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Cambridge City Cemetery facts for kids

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Cambridge City Cemetery Chapel
The Lodge and Chapel at Cambridge City Cemetery

Cambridge City Cemetery is the main burial ground for the city of Cambridge in Cambridgeshire. It is to the north of the city, at the junction of Newmarket Road and Ditton Lane, near to Cambridge Airport.

The cemetery held its first burial on 6 June 1903 when it was known as Cambridge Borough Cemetery. This was later changed to The Regional Cemetery before finally becoming The City Cemetery; it occupies eight hectares.

Known locally as Newmarket Road Cemetery, the cemetery has unlimited pedestrian access everyday including Sundays and bank holidays. The facilities include a car park and a memorial chapel.

In addition to the main burial ground, the cemetery also has a Jewish Section, a Muslim Section, a Roman Catholic section, a large Commonwealth War Graves Commission section and the Cantetebrigge Memorial Garden.

Commonwealth War Graves Commission section

Cambridge Stone of Remembrance
The Stone of Remembrance

The cemetery has a large Commonwealth War Graves Commission section; here are buried 1,008 servicemen and women from both World Wars, and is just one of six cemeteries in the United Kingdom with a large number of war graves. Over 180 of the graves date from World War I when the No.1 Eastern General Hospital was located in Cambridge. There are 829 service burials from World War II; three of the servicemen buried here are unknown.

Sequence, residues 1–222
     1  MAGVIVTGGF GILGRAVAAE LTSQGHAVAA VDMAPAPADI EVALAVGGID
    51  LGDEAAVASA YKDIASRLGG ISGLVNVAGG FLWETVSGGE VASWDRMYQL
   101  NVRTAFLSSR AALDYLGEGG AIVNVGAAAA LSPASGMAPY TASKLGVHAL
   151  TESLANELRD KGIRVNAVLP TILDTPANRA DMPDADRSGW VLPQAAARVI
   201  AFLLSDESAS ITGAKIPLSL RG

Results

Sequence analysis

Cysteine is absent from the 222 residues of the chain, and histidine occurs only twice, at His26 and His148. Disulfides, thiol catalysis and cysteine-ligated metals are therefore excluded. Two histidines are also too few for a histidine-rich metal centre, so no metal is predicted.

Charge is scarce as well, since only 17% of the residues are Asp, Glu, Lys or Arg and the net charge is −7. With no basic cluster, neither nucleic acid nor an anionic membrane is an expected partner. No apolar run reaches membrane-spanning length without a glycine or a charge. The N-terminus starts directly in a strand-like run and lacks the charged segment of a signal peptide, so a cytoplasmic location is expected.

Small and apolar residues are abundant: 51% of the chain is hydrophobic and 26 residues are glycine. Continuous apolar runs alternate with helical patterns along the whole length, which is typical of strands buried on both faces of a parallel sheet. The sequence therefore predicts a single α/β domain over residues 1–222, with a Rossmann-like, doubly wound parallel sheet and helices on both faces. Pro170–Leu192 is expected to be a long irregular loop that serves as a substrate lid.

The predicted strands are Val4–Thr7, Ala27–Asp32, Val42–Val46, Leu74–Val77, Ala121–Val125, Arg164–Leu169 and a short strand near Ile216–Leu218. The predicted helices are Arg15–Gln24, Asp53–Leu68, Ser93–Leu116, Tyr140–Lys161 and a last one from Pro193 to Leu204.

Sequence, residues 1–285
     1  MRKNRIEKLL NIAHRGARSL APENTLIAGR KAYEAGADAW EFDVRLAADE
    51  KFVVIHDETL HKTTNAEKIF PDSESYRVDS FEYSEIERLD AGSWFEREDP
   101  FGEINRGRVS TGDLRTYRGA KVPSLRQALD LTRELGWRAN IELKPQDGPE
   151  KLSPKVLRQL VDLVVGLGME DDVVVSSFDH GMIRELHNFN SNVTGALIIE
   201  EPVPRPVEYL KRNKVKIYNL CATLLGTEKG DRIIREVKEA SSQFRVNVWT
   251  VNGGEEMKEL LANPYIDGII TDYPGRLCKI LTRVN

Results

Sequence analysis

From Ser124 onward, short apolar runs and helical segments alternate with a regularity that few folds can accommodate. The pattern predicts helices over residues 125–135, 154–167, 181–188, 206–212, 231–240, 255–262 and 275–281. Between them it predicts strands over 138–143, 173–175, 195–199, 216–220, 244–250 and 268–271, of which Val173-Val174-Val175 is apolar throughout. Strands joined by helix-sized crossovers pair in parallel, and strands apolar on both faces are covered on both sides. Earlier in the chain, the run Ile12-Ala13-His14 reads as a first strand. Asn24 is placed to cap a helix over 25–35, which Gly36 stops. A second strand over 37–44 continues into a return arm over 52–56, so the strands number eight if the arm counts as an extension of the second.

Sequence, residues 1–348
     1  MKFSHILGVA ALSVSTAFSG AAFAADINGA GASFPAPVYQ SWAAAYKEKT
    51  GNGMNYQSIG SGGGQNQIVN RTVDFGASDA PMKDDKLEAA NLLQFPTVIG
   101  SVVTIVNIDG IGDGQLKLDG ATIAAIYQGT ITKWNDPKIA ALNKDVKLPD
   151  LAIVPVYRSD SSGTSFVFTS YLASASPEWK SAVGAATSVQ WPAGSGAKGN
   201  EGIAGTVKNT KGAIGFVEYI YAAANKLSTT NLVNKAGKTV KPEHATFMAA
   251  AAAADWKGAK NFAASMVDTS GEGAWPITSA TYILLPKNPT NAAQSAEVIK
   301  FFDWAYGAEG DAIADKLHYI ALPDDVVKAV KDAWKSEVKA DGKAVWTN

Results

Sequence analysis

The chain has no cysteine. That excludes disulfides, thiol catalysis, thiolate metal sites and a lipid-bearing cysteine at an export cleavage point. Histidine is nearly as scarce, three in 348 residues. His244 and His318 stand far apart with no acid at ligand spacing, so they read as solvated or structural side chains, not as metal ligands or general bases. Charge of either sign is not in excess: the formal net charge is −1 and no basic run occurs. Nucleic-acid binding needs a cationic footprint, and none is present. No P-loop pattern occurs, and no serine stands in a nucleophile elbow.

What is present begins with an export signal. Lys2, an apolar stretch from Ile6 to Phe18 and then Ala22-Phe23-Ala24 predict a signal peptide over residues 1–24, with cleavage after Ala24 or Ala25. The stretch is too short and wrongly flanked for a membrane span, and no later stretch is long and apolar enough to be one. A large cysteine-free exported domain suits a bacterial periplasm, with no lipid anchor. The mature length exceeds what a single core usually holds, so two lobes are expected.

The World War II graves are mainly located in two War Graves Plots. The General Service plot was established in 1940, and the larger Air Force plot in 1942 for the burial of casualties from the Royal Air Force stations set up in the eastern counties during the war, which included Bomber Command bases in Lincolnshire and fighter bases in Norfolk and Suffolk. Nearby is a Cross of Sacrifice.

The Stone of Remembrance, reserved for cemeteries with over 1,000 Commonwealth service burials, was unveiled in the Air Force plot by Marshal of the Royal Air Force Lord Tedder in July 1951.

Notable burials

Notable burials at the cemetery include:

  • Bertha Lewis, the principal contralto with the D'Oyly Carte Opera Company.
  • Alec David Young, a British aero-engineer.
  • Philip de Fonblanque, senior British officer who organised the logistics for the British Expeditionary Force.
  • Martin Roth, a British psychiatrist.
  • Chaudhry Rehmat Ali, one of the earliest proponents of the creation of the state of Pakistan.
  • Alexis Charles Doxat, English recipient of the Victoria Cross.
  • James John McLeod Innes, Scottish recipient of the Victoria Cross.
  • Barbara Yung, Hong Kong actress during the early 1980s.
  • Sir German Sims Woodhead pathologist
  • Choudhry Rahmat Ali, Pakistani nationalist who was one of the earliest proponents of the creation of the state of Pakistan. Famous for proposing the name PAKSTAN.

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